Maecenas descended of ancestral kings (Odes 1.1.1)
Often Faunus swiftly flies (my favorite, Odes 1.17.1)
So long as I was loved by you (Odes 3.9.1)
I have erected a monument more durable than bronze (Odes 3.30.1)

Horace's complex language is enough to try the wits of any professional Latinist. It should come as no surprise that it also trips up a gifted amateur. In spot checking A.'s English versions, I have found places where misunderstood Latin appears to lie behind his choice of words. In Odes 1.1.31, Nympharumque leves cum Satyris chori cannot be "agile nymphs ... with lively Satyrs" but agile bands of nymphs with Satyrs. Horace's mythological vignette is deliberately and correctly asymmetrical: as Greek vase paintings show, the loutish Satyrs are rarely a match for the nymphs they stalk. In Odes 3.1.11, the nobleman who comes down to the Campus Martius does so as a candidate for office (petitor, OLD 3), not "to compete in games." A line later, moribus and fama are not "philosophy and fame" but character (OLD 5) and reputation (OLD 5). Horace is still talking at that point about qualifications for public office. In Odes 3.9.12, animae does not mean "her soul" but my sweetheart (OLD 7b), as we see from the substitution of puero, my boyfriend, in 3.9.16.

A's poetic idiom is generally clear and modern, though he occasionally slips into archaizing inversions ("Better will you live, Licinius" and "bold and valiant show yourself" to preserve Horace's word order in Odes 2.10) and he is excessively given to interjections of "O" and "Oh" (more than 150 times in the translation vs. just 36 in Horace's Odes). The English is usually sober and straightforward, though A. cannot always resist inventing some extra pizzaz, such as a hallowed stream "murmurous with nymphs" (a curiously Romantic note added to Odes 1.1.22), some bodice-ripping ("tear open your unoffending robe" for scindat immeritam vestem at the end of the Tyndaris ode, 1.17.27 f.), and occasional purple patches ("entrapped in life's bitter maze" for rebus in arduis at 2.3.1).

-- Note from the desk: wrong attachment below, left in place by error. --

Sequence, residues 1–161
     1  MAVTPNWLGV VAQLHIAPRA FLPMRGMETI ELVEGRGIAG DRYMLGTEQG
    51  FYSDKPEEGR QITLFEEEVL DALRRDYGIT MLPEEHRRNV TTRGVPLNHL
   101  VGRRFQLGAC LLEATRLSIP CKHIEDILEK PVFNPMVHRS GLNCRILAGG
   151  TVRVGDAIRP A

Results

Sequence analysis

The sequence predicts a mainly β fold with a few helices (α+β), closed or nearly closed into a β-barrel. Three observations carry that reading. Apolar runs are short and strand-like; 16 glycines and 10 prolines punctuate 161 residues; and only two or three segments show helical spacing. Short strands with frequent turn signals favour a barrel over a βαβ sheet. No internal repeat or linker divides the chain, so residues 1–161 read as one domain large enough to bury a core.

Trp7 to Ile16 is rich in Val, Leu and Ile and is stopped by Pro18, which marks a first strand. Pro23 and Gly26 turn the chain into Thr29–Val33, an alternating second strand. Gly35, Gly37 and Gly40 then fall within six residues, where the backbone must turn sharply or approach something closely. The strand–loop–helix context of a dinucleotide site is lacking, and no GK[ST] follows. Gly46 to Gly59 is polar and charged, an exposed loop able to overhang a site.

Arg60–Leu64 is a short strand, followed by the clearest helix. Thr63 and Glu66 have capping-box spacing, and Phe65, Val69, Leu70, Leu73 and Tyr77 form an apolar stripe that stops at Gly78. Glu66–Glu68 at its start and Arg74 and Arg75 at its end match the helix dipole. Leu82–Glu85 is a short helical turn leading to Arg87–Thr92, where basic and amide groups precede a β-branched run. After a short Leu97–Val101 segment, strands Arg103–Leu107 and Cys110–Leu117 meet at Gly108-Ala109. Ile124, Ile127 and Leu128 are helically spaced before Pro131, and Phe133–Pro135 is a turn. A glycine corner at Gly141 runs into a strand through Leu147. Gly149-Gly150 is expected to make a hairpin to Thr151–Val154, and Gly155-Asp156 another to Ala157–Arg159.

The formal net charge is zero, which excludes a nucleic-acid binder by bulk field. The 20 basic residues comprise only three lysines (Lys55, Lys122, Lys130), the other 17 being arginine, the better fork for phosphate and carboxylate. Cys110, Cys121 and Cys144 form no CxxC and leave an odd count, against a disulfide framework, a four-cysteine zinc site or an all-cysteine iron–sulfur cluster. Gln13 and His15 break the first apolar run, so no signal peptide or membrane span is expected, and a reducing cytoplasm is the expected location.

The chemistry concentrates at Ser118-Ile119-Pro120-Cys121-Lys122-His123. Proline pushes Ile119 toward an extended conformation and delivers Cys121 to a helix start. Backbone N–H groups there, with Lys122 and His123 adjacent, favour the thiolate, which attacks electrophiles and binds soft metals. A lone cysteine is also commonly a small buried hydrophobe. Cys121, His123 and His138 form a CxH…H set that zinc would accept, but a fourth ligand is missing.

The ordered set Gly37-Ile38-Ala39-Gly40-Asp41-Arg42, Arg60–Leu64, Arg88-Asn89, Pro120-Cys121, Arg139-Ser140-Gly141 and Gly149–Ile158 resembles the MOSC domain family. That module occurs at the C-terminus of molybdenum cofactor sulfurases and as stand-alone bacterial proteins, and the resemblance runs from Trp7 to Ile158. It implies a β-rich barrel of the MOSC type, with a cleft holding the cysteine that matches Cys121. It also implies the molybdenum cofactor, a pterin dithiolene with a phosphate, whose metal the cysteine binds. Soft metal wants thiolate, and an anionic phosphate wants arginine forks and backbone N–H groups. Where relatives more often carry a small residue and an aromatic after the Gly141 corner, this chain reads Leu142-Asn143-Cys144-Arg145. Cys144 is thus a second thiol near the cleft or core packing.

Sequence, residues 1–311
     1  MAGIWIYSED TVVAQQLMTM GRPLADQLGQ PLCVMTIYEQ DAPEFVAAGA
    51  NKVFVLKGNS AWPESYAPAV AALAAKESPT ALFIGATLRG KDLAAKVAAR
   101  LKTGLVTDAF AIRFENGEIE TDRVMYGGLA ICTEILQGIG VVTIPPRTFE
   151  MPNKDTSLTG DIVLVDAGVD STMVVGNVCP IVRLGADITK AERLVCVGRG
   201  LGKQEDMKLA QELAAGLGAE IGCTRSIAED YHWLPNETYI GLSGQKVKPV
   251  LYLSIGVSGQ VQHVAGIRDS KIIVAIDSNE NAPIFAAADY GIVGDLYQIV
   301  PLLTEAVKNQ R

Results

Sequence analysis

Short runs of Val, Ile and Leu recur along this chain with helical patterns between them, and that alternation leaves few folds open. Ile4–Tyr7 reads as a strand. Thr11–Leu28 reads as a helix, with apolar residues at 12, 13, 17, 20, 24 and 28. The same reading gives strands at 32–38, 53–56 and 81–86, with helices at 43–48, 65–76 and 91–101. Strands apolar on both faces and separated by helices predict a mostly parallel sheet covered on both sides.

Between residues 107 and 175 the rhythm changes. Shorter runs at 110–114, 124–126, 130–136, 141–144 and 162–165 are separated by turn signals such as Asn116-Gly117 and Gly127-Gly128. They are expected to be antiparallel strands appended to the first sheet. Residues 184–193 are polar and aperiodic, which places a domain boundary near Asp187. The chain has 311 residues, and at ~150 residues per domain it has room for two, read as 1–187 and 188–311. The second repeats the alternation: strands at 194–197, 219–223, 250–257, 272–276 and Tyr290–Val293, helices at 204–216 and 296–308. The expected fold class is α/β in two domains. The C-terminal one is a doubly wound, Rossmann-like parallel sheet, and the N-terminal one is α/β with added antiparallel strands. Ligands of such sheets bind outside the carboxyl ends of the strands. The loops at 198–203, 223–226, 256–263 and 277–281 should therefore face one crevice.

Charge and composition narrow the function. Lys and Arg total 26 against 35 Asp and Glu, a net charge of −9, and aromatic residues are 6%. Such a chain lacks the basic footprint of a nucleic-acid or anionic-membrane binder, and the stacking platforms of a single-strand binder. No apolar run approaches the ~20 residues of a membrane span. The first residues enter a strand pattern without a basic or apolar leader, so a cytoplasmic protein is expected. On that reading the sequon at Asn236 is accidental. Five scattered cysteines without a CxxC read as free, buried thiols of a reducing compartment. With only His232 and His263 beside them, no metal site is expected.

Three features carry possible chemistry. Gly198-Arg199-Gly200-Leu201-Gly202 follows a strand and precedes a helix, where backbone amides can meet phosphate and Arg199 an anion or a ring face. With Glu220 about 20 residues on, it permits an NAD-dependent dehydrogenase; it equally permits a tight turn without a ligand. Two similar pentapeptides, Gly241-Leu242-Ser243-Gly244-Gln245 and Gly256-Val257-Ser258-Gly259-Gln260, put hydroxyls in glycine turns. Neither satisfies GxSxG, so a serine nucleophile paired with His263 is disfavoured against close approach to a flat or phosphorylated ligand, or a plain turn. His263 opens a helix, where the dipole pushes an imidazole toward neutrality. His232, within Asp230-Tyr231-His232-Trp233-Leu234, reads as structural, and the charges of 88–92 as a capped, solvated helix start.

A. provides a few brief notes to the Odes and the Satires in the back of the book and a short bibliography of books in Italian and English. The notes are chiefly on people mentioned by Horace, myths, and historical references. There are a few literary notes. More would have been welcome, such as why the mention of Mercury at the end of the Glycera Ode (1.30.8) gives this pretty epigram an ironic twist. Literary analysis seems not to be A's strong suit, and he wisely keeps it to a minimum.

Until the twentieth century, Horace was most quoted and admired for his Satires or Sermones, "conversations" (A. says that Satires is a subsequently applied title, but Horace applies the term to his own work in Sat. 2.1.1 and 2.6.17). As they are the work of Horace's earlier career, they should more properly have been placed before the Odes, which are given pride of place in A's book. A's poetic diction is better suited to these humorous sketches, written in a hexameter style which Horace himself assures us is not poetic. A. uses a short line to render Horace's hexameters, yielding about two lines of English verse for each one of Latin. This keeps the reader moving quickly and easily, as Horace would have wished. Here, for example, is the opening of Satires 2.6, Hoc erat in votis:

This is what I prayed for: a plot of land